Spanish Language Radio Formats
commonly heard in the United States.

Here's a sampler of the music styles you would commonly hear on the different Spanish language radio formats in the United States. Each format is illustrated by a selection of song clips in MP3 format. These songs demonstrate the styles and genres that are usually part of each format.
Just as in U.S. general market radio, some songs will "cross over" and be played on more than one format. In fact, quite a a number of songs are released with different mixes for different formats.
Each broad format section listed below has a variety of songs taken from the "most played" songs of 2010 based on radio monitor reports as well as a variety of "oldies" or "gold" cuts from earlier years. First, though, a look at the appeal of the major formats. 
This website is presented by
Arbitron For a ratings perspective, click on the logo to the left and, download and read this PDF report from Arbitron about the US Hispanic radio market.

This table from Arbitron showing the national share of Hispanic listening to the various formats on the radio. As can be seen, a percentage of listening goes to English language stations.

Some formats have low national shares, because they are of appeal only in certain areas. Tropical and rhythmic variants may represent significant shares along the East Coast, but no shares at all elsewhere. This reduces the national average despite specific appeal to certain groups.
Arbitron definitions may differ from the descriptions on this page only because Arbitron tries to keep the total number of definitions as small as practical to allow advertisers to see the broad picture of radio.
Spanish Language Radio Formats
Click on the format name to go to a page with full details on that format.
Primary Music Formats
This format is really a combination of the many musical styles of Mexico; stations may vary widely in their mix of genres but the principal ones are norteña, banda, and ranchera. Regional formats may also include some grupera, cumbia, bachata, durangüense, sierreño and alterado sounds. This format is called "Grupera" in México, but under either name, the general content and style is the same. 




"Contemporary" is the term applied to a format group that includes everything from Adult Contemporary to Pop, CHR and Reggaetón based rhythmic formats. 

Adult Contemporary (A/C) is a combination of old and new softer pop and romantic love ballads and lighter pop. There may be considerable overlap with pop CHR stations with slower rotations (repeat patterns) than CHR. 

Pop (often called Spanish language CHR after its somewhat comparable English language equivalent) is an ever-changing  mix of pop, dance, Latin house and hip-hop, rock, reggaetón, ballads and other contemporary music types. The overlap with Adult Contemporary is considerable. These stations are more current based than A/C formats.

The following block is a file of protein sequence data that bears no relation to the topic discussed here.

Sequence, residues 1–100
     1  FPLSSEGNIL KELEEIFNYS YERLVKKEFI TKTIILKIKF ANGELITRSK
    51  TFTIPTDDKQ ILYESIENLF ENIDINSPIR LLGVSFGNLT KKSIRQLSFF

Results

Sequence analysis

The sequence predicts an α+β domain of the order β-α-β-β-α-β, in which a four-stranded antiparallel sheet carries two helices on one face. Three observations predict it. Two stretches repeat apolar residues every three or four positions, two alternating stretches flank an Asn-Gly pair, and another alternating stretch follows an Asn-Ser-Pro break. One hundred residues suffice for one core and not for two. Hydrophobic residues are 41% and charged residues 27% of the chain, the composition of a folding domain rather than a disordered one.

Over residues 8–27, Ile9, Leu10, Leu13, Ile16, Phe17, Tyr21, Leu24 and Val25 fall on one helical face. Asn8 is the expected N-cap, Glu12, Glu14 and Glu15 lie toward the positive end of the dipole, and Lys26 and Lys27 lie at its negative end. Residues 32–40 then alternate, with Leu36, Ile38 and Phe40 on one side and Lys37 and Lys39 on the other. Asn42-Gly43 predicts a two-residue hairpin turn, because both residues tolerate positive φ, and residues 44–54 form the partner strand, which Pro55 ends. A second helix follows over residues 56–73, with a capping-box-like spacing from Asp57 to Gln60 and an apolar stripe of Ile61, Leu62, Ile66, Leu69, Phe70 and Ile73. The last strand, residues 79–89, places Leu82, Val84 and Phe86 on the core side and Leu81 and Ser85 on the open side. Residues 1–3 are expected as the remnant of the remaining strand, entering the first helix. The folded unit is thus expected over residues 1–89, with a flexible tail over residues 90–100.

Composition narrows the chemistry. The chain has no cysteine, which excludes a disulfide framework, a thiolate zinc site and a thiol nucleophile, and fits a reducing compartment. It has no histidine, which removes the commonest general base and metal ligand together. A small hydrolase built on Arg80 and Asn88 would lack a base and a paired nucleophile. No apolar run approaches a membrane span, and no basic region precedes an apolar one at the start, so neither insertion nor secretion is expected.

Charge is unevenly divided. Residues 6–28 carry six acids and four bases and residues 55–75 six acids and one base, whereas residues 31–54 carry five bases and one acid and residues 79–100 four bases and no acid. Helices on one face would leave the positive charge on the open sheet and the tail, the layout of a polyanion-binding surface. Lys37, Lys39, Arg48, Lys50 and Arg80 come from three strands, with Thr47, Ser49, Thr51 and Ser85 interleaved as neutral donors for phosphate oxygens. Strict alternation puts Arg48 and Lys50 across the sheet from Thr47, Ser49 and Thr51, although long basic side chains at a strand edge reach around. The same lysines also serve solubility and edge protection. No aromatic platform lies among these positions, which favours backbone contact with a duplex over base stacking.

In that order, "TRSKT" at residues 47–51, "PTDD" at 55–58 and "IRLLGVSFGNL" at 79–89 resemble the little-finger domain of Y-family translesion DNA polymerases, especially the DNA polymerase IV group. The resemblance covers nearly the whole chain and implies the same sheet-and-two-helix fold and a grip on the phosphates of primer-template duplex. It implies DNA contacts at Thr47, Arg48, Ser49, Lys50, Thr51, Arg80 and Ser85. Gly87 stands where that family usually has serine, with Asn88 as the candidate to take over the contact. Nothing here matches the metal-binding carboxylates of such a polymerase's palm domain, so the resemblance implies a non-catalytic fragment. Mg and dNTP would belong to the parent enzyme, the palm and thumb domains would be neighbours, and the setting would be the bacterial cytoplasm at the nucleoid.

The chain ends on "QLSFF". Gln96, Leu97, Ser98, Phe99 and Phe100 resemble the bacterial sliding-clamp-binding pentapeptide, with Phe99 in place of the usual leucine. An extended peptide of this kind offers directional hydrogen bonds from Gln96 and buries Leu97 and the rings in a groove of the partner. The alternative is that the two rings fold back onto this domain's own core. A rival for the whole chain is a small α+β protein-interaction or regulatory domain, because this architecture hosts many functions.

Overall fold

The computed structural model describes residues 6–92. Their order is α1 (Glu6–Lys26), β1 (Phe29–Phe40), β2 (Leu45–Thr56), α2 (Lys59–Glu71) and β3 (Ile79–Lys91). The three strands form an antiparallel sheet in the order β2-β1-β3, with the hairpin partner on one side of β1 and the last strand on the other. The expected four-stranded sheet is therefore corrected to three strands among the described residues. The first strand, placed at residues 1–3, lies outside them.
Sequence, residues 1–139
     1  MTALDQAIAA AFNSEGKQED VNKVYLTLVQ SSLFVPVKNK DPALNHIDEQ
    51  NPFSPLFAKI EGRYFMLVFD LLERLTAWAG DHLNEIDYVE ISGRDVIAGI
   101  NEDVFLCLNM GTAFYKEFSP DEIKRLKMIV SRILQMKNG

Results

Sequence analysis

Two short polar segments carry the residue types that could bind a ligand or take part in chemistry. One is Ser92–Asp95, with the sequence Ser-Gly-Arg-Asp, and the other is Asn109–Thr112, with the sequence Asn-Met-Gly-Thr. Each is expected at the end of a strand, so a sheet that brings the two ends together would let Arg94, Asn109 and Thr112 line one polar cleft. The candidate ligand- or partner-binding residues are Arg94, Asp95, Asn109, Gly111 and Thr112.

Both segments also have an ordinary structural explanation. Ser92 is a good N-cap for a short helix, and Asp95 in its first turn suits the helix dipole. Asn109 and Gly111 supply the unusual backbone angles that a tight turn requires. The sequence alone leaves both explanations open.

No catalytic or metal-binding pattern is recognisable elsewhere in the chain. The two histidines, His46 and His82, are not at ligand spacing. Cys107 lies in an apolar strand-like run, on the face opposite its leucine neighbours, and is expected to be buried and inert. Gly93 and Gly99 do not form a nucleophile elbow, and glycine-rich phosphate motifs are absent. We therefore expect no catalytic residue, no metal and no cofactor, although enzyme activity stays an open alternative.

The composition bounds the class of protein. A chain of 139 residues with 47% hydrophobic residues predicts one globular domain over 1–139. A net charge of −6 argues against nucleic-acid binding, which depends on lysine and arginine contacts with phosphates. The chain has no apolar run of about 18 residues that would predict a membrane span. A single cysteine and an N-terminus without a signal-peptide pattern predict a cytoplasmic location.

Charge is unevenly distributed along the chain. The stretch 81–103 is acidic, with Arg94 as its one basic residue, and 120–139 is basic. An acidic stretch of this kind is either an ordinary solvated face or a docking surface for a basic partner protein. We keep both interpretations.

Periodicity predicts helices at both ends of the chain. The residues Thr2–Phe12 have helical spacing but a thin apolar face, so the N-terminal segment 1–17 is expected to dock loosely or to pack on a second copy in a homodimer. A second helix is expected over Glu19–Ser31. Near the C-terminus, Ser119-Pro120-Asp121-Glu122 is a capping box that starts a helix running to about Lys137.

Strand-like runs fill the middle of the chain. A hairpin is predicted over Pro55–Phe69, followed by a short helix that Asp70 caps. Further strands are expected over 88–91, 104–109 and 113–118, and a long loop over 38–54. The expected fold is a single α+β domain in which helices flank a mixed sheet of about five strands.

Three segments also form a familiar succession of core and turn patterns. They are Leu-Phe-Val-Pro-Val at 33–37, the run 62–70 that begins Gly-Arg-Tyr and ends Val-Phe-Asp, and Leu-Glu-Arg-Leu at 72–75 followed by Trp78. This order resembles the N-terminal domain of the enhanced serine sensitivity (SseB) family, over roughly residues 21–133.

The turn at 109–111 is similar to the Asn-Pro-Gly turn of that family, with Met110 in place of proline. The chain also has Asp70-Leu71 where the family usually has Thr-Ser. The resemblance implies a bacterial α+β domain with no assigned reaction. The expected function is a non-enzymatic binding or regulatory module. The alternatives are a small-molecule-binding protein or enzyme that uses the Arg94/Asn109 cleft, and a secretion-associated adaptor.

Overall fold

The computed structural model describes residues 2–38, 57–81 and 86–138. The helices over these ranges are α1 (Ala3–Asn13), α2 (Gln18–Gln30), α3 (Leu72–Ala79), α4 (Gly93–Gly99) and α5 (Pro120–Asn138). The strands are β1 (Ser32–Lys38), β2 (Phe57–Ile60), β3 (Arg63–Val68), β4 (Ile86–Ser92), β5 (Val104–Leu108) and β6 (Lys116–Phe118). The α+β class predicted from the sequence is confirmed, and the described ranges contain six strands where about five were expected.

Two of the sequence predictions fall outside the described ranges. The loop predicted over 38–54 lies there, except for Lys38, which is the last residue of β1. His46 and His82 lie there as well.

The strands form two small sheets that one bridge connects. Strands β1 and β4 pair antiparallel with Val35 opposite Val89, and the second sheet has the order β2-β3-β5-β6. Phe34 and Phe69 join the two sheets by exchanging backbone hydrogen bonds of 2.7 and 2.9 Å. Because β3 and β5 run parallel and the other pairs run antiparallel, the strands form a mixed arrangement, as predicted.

Reggaetón and Rhythmic was for a time in the early 00's a format of its own, but few such stations remain, all in Puerto Rico. Now, the elements of this format have gone mainstream and are part of pop formats and some songs even cross over to A/C.  Evolving Caribbean tropical formats may include some of the songs, as might Rhythmic Crossover formats.
Rhythmic Crossover There is a growing attempt to create stations for second generation Hispanics... those who were born in the U.S. but who prefer a blend of mostly English language pop with a smattering of the big hits in Spanish. Some refer to this audience segment as "H2O" meaning the second generation of Hispanics.This format is constantly evolving as station operators reach out for a way to deliver listeners who don't generally use all-Spanish language stations.
This "oldies" blend is a broad mix of 70's, 80's, 90's and '00's sounds that were popular across Mexico.  The format generally includes classic songs from genres that include adult contemporary ballads, softer pop, grupera, ranchera, light norteña, and cumbia...
This format previously was limited to salsa and merengue with an occasional bachata or cumbia derivitive, but now may include reggaetón and other rhythmic options. 
Secondary or Specialty Formats
The Colombian cumbia is the base for this format. Mexican artists adopted the style back in the 60's and have added special touches, such as the norteña and the grupera style cumbia to the formula. In the US, cumbia may be an element to regional Mexican.
Pop & AC
60's to 80's based format limited to pop, ballads and rock 'n' roll songs by artists from Latin America & Spain. The pure pop and AC oldies variant is now generally restricted to Puerto Rico and there are no examples on the U.S. mainland since the early 2012 format flip by Clásica 92.3 in Miami (now a salsa / tropical format).
A format based on ranchera and mariachi songs, usually covering many decades of music, sometimes back to the 50's. Because it appeals to older listeners it is almost always an AM format. The format tends to include some older norteñan, too.
Tejano This format is on only a handful of stations today, but has been a significant factor in Texas markets in the past. It now tends to blend Tejano  with norteña and other styles
other Countries
There are many other kinds of music that have appeal within communities in the US with specific national heritage. Some songs may be included in other formats or there may be specific shows on stations for these communities and styles. A few examples are presented.